ALBUQUERQUE, N.M. — An incumbent and two newcomers have been elected to the Middle Rio Grande Conservancy District board of directors.
Final but unofficial results in Tuesday’s election show that incumbent John P. Kelly retained his position as one of three members representing Bernalillo County on the board; Glen Duggins, a lifelong Socorro County resident who farms in Lemitar, was elected to the board’s at-large seat; and Matthew Aragon, who works full time as a small farmer in Valencia County, won the Valencia County seat.
The conservancy district serves 11,000 irrigators, delivering water to 70,000 acres of cropland along 150 miles of the Rio Grande from Cochiti Dam in the north to the Bosque del Apache Wildlife Refuge in the south. Its mission also includes drainage and flood control.
Seven members serve on the MRGCD board – three from Bernalillo County; one each from Sandoval, Socorro and Valencia counties; and one in the at-large position. Only three seats were at stake in this year’s election.
Kelly defeated Steve D. Gallegos, a veteran of both the Albuquerque City Council and Bernalillo County Commission, 1,462 to 432. Kelly, who lives in Albuquerque’s North Valley, served as executive engineer of the Albuquerque Metropolitan Arroyo Flood Control Authority from 1999 to 2010.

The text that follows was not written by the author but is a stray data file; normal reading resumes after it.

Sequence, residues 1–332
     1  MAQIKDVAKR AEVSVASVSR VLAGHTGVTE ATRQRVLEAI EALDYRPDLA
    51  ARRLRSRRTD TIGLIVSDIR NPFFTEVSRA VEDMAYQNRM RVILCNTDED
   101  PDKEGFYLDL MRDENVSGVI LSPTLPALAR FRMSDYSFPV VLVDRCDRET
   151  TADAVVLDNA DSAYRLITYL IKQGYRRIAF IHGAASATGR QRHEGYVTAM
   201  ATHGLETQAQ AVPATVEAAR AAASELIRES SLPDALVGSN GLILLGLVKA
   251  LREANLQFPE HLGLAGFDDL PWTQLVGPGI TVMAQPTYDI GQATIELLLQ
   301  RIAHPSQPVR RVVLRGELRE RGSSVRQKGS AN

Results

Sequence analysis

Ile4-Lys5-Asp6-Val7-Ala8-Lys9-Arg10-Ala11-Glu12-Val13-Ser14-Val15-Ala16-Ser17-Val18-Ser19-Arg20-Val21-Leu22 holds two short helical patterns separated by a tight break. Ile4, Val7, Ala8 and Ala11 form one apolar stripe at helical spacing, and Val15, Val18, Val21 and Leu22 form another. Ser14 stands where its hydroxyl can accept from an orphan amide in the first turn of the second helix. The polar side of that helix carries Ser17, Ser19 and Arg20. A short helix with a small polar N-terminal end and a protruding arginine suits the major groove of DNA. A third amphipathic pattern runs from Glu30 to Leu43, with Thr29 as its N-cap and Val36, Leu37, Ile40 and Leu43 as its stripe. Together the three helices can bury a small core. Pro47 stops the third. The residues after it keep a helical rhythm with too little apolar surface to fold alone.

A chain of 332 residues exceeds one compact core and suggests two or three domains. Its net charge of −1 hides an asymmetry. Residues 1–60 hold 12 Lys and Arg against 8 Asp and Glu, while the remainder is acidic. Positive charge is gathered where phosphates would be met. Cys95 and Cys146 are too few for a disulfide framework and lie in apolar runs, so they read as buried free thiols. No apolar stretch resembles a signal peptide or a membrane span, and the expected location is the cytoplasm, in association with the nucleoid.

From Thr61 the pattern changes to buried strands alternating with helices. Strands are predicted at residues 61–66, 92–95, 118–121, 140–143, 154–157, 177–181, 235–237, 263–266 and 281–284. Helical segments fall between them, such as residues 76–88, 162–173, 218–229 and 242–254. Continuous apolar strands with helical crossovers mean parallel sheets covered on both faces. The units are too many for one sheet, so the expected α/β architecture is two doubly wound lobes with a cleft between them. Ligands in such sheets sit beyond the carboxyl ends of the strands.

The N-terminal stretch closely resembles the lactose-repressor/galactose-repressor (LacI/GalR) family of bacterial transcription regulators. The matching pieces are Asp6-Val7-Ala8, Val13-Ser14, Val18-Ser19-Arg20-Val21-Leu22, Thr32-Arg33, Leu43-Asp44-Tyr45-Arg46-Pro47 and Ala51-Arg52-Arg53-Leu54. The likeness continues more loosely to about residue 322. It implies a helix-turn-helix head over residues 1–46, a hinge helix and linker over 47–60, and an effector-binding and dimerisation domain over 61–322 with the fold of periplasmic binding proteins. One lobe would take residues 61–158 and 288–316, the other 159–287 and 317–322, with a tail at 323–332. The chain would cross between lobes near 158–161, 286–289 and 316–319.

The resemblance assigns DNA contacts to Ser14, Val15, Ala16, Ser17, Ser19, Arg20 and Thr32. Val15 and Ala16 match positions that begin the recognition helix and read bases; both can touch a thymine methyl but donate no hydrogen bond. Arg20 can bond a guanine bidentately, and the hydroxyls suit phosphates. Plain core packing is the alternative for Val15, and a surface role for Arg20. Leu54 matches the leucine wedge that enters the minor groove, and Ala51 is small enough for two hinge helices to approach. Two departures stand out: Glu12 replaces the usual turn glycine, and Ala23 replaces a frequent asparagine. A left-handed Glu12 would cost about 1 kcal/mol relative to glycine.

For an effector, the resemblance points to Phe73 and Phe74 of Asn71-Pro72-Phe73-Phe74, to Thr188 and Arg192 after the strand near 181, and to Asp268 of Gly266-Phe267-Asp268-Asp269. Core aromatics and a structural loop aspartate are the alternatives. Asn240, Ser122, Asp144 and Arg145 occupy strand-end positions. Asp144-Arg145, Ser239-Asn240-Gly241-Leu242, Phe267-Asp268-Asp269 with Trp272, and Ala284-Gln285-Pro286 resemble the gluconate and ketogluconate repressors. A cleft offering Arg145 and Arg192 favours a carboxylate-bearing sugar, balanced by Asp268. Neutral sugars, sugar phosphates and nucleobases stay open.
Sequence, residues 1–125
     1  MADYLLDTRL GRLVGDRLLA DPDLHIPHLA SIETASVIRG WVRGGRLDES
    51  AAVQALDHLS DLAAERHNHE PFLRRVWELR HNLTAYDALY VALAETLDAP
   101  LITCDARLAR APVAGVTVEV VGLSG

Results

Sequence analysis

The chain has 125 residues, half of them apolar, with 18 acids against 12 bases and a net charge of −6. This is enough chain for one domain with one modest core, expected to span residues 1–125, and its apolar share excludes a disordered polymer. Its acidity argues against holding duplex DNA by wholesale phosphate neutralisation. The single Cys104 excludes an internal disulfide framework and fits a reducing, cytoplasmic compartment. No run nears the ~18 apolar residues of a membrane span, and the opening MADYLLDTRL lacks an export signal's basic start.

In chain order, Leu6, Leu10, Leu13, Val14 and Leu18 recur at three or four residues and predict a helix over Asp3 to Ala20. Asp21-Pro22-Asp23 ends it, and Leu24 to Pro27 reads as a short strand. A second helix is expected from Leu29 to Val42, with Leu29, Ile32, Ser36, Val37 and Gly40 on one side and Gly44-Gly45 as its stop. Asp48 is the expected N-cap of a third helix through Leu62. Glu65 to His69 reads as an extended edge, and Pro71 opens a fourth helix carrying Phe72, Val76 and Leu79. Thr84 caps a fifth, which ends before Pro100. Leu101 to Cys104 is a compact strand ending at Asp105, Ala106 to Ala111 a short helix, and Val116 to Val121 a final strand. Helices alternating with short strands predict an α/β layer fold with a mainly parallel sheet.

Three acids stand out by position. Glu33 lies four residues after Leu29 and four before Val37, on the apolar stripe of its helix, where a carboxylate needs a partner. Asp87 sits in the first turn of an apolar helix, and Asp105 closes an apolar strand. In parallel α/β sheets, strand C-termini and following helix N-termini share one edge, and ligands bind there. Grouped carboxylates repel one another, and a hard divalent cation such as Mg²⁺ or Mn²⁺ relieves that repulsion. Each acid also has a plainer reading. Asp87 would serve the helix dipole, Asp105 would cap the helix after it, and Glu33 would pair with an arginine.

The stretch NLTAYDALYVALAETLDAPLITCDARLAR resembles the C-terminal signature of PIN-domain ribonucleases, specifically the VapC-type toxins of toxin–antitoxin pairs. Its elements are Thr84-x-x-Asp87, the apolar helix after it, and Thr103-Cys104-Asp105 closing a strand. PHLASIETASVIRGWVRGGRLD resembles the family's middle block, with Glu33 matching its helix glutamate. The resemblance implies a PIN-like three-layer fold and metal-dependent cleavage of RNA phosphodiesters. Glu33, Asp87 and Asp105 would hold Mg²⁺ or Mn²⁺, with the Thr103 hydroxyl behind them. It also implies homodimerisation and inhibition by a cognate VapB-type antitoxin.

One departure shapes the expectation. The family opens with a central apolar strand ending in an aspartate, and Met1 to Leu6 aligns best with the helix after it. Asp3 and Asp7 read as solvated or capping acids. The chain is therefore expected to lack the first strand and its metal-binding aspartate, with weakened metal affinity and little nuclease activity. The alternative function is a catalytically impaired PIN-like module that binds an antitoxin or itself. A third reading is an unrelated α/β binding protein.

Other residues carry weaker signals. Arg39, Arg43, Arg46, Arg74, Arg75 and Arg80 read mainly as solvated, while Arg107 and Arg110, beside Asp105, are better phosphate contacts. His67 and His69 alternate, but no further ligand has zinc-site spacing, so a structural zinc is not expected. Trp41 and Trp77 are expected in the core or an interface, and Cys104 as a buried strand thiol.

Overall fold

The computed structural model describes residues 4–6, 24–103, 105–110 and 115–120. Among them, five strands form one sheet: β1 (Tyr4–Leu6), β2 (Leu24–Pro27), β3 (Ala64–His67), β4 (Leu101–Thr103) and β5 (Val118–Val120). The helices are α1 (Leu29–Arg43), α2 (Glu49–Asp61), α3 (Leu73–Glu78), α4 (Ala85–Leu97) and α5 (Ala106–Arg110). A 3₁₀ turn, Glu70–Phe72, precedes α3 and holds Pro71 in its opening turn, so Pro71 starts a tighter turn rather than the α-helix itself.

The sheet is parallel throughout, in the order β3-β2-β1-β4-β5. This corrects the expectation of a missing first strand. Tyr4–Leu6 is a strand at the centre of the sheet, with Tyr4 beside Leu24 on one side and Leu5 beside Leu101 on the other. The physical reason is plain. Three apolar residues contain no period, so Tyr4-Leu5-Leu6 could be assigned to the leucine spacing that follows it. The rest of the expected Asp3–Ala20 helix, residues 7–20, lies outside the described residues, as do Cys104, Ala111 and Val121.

Duggins defeated Janet Jarratt, a farmer who had served previously on the board in the Valencia County seat, and Michael T. Sandoval of San Felipe Pueblo, a farmer and San Felipe Pueblo’s water resources specialist. Duggins received 1,236, Sandoval received 1,111 and Jarratt got 1,086 votes. The incumbent, Eugene Abeita of Isleta Pueblo, chose not to seek re-election.
Aragon beat out incumbent Johnny L. Paiz, who raises thoroughbred horses in Bosque, and candidates Michael Tachias, a retired U.S. Army officer; and Beverly Dominguez Romero, a Tomé farmer and former Valencia County assessor.
Aragon received 366 votes, Romero 325, Paiz 141 and Tachias 62.
In order to run for the board or be eligible to vote in the election, a person must own land in the area benefited by the conservancy district. It is not necessary to be an irrigator to qualify as a candidate or to vote.
People who own property in the conservancy district are taxed to provide operating funds for the district, even if they do not use irrigation water provided by the district. If they are irrigators, they pay more than $30 an acre for that privilege in addition to paying the tax.